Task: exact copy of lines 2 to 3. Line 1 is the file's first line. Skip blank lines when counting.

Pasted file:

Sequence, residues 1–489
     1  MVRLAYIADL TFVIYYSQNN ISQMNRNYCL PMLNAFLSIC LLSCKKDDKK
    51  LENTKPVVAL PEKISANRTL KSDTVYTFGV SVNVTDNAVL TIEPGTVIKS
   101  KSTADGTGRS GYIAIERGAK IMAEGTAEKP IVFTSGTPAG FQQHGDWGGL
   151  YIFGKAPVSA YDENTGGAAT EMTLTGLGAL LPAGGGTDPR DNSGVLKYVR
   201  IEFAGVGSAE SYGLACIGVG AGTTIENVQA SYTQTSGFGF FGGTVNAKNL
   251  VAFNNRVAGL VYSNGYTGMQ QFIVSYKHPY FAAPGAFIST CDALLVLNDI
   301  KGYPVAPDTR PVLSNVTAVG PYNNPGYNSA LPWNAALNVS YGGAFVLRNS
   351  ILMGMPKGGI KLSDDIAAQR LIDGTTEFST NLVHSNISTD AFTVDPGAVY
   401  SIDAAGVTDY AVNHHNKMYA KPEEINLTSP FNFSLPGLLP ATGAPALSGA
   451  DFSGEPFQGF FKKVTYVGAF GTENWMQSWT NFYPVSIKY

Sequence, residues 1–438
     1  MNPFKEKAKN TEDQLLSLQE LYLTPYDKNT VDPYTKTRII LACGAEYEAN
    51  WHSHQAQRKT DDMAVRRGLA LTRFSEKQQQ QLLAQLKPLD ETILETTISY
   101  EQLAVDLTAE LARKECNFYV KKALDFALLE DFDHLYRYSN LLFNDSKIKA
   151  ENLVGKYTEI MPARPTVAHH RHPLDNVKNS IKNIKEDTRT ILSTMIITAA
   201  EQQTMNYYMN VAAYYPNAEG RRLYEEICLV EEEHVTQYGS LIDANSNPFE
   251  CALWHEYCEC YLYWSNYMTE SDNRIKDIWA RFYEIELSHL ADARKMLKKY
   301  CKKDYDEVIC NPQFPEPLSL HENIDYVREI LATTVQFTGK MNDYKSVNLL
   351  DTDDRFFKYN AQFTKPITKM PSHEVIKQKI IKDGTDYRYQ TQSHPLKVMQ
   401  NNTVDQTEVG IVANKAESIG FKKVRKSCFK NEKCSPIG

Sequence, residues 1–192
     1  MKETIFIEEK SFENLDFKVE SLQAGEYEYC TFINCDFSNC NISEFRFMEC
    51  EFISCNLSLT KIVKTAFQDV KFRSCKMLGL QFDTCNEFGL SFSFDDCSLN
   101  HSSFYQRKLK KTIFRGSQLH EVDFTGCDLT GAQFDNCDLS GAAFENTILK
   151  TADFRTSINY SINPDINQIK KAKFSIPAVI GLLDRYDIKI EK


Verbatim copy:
     1  MVRLAYIADL TFVIYYSQNN ISQMNRNYCL PMLNAFLSIC LLSCKKDDKK
    51  LENTKPVVAL PEKISANRTL KSDTVYTFGV SVNVTDNAVL TIEPGTVIKS